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Lost in a legal maze
Published in Al-Ahram Weekly on 04 - 03 - 2015

On 1 March the Administrative Court suspended Press Syndicate midterm elections, due to be held tomorrow, at which six of the Syndicate's 12 board seats were up for grabs. The court ruled that any vote should cover all 12 board seats, and ordered that law no 76 for the year 1970, which regulates syndicate affairs, be amended.
At an emergency board meeting of the Press Syndicate it was decided to contest the first-degree ruling before the Higher Administrative Court. The Higher Administrative Court began hearing the first of five appeals filed by the syndicate's legal team on Tuesday.
The initial Administrative Court ruling came in response to a lawsuit, filed by several syndicate members, arguing that elections should cover all seats on the board. Sayed Abu Zeid, the Press Syndicate's legal advisor, says that until the Higher Administrative Court has had time to issue a final ruling, all syndicate elections are on hold.
The first-degree ruling, argues Abu Zeid, contradicts Article 43 of the Syndicate Law. “The court, in issuing its ruling, has in effect assumed legislative power,” he says. “The judges do not seem to realise they are not legislators. Any legal amendment has to come either through parliament or a presidential decree.”
Syndicate officials are confident the Higher Administrative Court will overturn the lower court's ruling. As Al-Ahram Weekly went to print, the ruling had not been issued.
Abdel-Mohsen Salama, a member of the board of Al-Ahram who has ambitions to replace Press Syndicate chairman Diaa Rashwan, welcomed the lower court's ruling, calling it “a victory for journalists.”
At the heart of the problem is confusion over which law regulates the workings of the Press Syndicate. Currently, the Press Syndicate is operating under the provisions of the syndicate law passed in September 1970, suspended in 1996 and reapplied in 2011.
In the period between 1996 and 2011, professional syndicates were subject to Mubarak-era law 100. When that law was ruled unconstitional in 2011, the Press Syndicate reverted to the earlier legislation.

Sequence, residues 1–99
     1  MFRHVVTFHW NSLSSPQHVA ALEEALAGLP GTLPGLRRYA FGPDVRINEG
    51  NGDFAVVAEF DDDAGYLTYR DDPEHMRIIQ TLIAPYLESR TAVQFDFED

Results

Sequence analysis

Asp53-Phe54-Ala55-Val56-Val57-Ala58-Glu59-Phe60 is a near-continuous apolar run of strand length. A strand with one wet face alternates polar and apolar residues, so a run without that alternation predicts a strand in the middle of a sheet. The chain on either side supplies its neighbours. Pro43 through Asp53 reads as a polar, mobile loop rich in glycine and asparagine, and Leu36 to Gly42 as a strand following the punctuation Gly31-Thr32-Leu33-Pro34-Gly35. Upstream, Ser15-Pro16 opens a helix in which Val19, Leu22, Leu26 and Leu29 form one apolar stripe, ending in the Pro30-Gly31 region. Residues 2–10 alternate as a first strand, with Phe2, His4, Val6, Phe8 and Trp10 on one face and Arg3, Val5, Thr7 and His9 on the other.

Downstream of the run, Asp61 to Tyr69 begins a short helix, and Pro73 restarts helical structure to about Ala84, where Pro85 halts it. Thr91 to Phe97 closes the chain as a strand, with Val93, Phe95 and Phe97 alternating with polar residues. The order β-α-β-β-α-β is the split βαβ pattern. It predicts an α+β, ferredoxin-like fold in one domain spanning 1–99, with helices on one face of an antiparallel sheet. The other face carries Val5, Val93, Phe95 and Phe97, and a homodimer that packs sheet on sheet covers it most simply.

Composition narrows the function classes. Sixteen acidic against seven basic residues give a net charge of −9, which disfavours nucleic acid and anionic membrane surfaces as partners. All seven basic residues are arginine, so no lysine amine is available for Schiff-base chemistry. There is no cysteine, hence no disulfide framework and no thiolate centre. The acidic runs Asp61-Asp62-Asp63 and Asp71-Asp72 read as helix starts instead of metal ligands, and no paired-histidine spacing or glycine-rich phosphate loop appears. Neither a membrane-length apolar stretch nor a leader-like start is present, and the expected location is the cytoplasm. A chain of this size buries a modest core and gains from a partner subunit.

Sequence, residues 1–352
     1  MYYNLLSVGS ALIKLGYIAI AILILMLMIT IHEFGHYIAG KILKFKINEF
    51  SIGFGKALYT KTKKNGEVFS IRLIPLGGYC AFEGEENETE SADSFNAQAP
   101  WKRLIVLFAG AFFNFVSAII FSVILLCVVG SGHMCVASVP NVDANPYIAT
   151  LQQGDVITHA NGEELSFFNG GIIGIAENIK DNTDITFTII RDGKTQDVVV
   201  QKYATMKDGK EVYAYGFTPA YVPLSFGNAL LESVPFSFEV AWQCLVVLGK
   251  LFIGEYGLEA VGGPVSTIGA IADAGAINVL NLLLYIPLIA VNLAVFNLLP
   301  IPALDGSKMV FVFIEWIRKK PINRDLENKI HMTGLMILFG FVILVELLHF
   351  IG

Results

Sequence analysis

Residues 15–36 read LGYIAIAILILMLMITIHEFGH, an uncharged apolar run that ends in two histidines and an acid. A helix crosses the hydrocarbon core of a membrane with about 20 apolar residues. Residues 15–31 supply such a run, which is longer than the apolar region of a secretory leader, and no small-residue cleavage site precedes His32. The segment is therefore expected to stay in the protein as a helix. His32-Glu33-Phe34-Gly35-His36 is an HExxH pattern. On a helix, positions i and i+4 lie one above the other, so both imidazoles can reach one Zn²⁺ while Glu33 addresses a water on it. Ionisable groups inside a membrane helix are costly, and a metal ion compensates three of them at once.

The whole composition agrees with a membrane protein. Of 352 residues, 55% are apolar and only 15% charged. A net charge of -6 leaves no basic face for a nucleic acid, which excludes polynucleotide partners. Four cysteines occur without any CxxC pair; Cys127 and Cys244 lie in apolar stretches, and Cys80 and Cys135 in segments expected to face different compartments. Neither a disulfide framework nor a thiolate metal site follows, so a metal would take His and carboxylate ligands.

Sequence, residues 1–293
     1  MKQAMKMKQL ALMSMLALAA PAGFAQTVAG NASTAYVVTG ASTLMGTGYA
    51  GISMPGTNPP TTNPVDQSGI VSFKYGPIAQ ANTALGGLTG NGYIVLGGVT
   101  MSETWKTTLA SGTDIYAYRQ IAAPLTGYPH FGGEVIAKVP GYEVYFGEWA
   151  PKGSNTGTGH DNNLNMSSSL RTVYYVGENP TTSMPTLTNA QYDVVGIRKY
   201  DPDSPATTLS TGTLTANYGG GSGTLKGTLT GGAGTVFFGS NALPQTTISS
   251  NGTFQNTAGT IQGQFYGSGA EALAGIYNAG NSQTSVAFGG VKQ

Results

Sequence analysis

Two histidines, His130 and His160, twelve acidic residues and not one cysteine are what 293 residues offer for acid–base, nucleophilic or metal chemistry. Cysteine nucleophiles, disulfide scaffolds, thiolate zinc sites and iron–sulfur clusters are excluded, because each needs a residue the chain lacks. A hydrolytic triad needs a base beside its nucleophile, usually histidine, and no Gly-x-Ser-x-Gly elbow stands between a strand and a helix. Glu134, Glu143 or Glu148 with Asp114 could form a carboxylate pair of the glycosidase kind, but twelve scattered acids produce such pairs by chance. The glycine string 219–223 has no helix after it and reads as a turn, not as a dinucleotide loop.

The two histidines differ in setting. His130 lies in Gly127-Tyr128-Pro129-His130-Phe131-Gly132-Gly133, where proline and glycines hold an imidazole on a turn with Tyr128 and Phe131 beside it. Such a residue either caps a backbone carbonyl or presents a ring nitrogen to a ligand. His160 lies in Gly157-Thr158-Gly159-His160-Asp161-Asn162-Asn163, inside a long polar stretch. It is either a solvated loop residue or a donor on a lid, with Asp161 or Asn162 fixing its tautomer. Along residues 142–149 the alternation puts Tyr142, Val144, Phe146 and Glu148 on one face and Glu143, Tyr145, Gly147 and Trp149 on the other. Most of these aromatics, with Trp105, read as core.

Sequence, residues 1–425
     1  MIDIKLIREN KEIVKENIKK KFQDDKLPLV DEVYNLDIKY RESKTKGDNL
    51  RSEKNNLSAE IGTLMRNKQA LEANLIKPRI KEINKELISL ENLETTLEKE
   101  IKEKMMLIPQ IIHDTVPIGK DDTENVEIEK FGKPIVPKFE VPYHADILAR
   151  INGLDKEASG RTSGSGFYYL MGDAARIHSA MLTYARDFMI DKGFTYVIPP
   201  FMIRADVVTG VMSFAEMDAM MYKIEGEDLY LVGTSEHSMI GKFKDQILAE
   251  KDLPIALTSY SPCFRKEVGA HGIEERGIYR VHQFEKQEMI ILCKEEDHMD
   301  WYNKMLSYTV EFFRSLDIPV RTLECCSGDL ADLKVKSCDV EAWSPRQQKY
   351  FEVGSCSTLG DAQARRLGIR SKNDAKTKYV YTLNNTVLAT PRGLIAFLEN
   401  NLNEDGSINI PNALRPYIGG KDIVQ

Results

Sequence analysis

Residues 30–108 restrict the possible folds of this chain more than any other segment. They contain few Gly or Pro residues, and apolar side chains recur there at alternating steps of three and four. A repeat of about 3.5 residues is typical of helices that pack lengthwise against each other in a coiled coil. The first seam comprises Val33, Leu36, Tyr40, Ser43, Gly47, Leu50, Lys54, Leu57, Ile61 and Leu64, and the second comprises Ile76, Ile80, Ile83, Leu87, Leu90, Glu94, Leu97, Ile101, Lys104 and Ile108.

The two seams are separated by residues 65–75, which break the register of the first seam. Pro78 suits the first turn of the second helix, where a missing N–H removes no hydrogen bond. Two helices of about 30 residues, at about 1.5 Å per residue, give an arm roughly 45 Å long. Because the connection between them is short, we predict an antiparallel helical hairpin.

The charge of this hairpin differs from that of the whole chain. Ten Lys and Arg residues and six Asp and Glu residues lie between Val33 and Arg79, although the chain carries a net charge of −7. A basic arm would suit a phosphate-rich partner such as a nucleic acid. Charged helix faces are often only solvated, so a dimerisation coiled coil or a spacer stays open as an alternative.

But according to Salama, the current syndicate law is null and void. “It was suspended for more than 20 years. Journalists should not conduct their elections based on a law that was suspended in 1996,” he says.
Yet it is the law under which the 2011 and 2013 Press Syndicate elections were held.
“Those who filed the original case have their own agenda, which is about serving their own interests and has nothing to do with strengthening the position of the syndicate or improving the lot of journalists,” says Rashwan.
Salama, who disagrees with Rashwan, revealed that the law stipulates that elections should take place for the 12 seats of the syndicate's board, as well as the syndicate's head every four years; and the midterm for half of the board's seats and the head as well every two years.
“Unfortunately, elections are all the way taking place every two years. This is unconstitutional and illegal,” argues Salama, adding there is an intention to change the election day.
“Elections on Friday discourages journalists from voting because it is an official holiday. Elections are better done on any day other than Friday,” he says.
Khaled Meri, a veteran writer at Akhbar Al-Youm who is seeking election to the syndicate board, is critical of the ruling. “The court's verdict violates regulations governing the syndicate though it is not the first time we have faced such a problem,” he says.
In February 2013, the Administrative Court suspended Press Syndicate elections in response to a lawsuit, only to have its decision overturned in March of the same year by the Higher Administrative Court.
Meri is confident the same will happen now. “We are used to this kind of palaver. I am sure we will win the case before the Higher Administrative Court and its rulings are final.”

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